Tbilisi-born soprano Nino Machaidze – described by Opera News as “an artist with confidence, individuality and a big musical temperament to back up a glamorous profile” – is a graduate of the Accademia del Teatro alla Scala in Milan. Her international career was launched with appearances at La Scala as Marie in Donizetti’s La Fille du Regiment in 2007, followed by her debut in the same role at the Teatro dell’Opera di Roma. The summer of 2008 saw Ms Machaidze’s debut at the Salzburg Festival as Juliette, opposite Rolando Villazon, in a new production of Romeo et Juliette, and subsequent international debuts include appearances at major opera houses of the world, such as the Metropolitan Opera, Bayerische Staatsoper in Munich, Berliner Staatsoper, Gran Teatro del Liceu in Barcelona, Theatre Royale de la Monnaie in Brussels, Opera National de Paris, The Royal Opera House, Covent Garden, and Los Angeles Opera.

Samoan-born tenor Pene Pati has been described by the San Francisco Chronicle as “A New Zealander who boasts a lithe and radiant tone, deep theatrical instincts and plenty of charisma”. He has a number of impressive awards to his name – the Joan Sutherland and Richard Bonygne ‘Bel Canto’ Award in 2012, first place at the Montserrat Caballé International Aria Competition in 2014, second place and the Audience Prize at Placido Domingo’s Operalia in 2015, and Second Prize in that year’s Neue Stimmen Competition as well. For Pene Pati, this particular production of Rigoletto will be something of a family affair. In what San Francisco Opera describes as “a remarkable coincidence of casting” his wife, second year Adler Fellow soprano Amina Edris, sings the role of Countess Ceprano, and his brother, first year Adler Fellow tenor Amitai Pati sings Matteo Borsa.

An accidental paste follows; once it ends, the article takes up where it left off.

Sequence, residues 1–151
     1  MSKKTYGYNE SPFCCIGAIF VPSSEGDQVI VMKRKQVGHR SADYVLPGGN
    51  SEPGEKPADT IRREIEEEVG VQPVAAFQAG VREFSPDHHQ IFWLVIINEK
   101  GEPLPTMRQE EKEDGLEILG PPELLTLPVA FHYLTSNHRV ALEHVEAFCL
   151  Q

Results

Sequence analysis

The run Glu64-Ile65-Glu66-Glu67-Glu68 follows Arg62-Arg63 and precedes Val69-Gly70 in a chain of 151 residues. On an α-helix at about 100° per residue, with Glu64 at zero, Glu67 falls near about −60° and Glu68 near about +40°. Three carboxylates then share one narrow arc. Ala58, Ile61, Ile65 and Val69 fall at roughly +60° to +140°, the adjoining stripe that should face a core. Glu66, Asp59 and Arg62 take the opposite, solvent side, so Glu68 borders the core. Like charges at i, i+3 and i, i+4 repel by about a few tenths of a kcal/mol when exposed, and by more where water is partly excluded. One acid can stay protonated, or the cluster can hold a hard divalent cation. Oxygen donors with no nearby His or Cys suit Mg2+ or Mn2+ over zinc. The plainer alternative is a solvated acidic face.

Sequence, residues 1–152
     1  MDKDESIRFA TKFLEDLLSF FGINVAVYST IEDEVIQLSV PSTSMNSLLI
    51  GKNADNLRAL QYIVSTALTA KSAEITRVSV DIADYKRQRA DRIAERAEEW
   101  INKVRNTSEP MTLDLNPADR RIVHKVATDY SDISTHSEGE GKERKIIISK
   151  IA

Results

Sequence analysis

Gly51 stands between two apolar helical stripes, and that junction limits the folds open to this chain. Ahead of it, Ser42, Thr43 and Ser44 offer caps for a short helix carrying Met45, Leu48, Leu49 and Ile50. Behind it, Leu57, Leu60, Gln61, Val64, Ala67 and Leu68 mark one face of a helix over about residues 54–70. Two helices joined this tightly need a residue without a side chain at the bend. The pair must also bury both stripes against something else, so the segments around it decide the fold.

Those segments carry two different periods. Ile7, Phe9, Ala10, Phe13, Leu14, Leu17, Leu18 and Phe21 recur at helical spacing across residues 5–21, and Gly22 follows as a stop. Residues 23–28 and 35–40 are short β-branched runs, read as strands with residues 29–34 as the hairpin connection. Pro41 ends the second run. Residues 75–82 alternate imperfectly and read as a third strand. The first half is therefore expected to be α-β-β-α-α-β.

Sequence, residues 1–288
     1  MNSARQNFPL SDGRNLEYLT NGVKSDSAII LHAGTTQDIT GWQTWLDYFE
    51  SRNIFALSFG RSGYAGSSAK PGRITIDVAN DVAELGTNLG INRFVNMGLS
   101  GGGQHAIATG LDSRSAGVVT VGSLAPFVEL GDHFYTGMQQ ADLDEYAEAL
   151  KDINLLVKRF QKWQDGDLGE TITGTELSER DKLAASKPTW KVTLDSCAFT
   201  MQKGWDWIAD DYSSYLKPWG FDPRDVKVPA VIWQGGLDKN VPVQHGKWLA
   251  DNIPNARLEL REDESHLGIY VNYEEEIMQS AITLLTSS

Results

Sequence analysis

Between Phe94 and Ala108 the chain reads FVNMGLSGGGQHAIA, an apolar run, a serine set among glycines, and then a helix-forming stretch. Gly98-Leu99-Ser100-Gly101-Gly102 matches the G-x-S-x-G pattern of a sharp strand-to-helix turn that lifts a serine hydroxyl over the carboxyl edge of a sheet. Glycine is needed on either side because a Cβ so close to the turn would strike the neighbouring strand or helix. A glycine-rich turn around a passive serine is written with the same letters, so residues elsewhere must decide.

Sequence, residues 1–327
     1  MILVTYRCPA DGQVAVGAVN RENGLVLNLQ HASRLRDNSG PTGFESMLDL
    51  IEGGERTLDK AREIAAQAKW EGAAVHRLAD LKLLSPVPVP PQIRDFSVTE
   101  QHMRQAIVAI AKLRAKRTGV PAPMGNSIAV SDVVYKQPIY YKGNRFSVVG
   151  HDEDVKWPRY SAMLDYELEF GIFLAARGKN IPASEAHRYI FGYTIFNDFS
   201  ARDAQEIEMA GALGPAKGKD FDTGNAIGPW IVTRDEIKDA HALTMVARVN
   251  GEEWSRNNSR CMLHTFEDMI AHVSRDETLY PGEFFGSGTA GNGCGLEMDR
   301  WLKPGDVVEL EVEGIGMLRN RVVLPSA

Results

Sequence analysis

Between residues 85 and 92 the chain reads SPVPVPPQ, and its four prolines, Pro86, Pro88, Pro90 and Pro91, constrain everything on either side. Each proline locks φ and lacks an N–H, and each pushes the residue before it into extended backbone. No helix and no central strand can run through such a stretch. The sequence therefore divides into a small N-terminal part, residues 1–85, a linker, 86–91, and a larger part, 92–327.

Pene Pati as the Duke of Mantua and Zanda Svede as Maddalena in Verdi’s Rigoletto’ – Photo: Cory Weaver/San Francisco Opera

Also in the cast are Latvian mezzo-soprano Zanda Švēde – who recently completed her final year as an Adler Fellow at San Francisco Opera – as Maddalena, Sparafucile’s daughter. Making his debut for SF Opera as Count Monterone, is Reginald Smith Jr – described by Opera News as having “one of the most exciting baritone sounds to come along in years” with a voice which is “ample and thrillingly dramatic”. Sparafucile is sung by bass Andrea Silvestrelli, following whose debut in this role at the Lyric Opera of Chicago, the Chicago Sun-Times reported: “There were wild cheers for Andrea Silvestrelli …who brought a terrifying, sepulchral tone to the assassin Sparafucile.”

Quinn Kelsey as Rigoletto (center) with Amitai Pati as Matteo Borsa, Anthony Reed as Count Ceprano and Andrew G. Manea as Marullo in Verdi’s ‘Rigoletto’ – Photo: Cory Weaver/San Francisco Opera

For director Rob Kearley – who won acclaim for his staging of Weinberg’s The Passenger at Israeli Opera, Lyric Opera of Chicago and Houston Grand Opera – Rigoletto marks his first engagement with San Francisco Opera. Sets are by Michael Yeargan, costumes by Constance Hoffman, and lighting by Gary Marder.

Music Director Nicola Luisotti directs the San Francisco Opera Orchestra and Chorus (Chorus Director Ian Robertson) in all performances of Rigoletto, with the exception of the final one on July 1, which will be led by Resident Conductor Jordi Bernàcer.

Rigoletto, sung in Italian with English supertitles, will run for eight performances, from May 31 through July 1, at the War Memorial Opera House. For tickets and further information, visit the San Francisco Opera website.

Nadja Michael sings the role of Emilia Marty in Janáček’s ‘Věc Makropulos’ (The Makropulos Case) – San Francisco Opera’s broadcast on Classical KDFC on Sunday evening – Photo: Cory Weaver/San Francisco Opera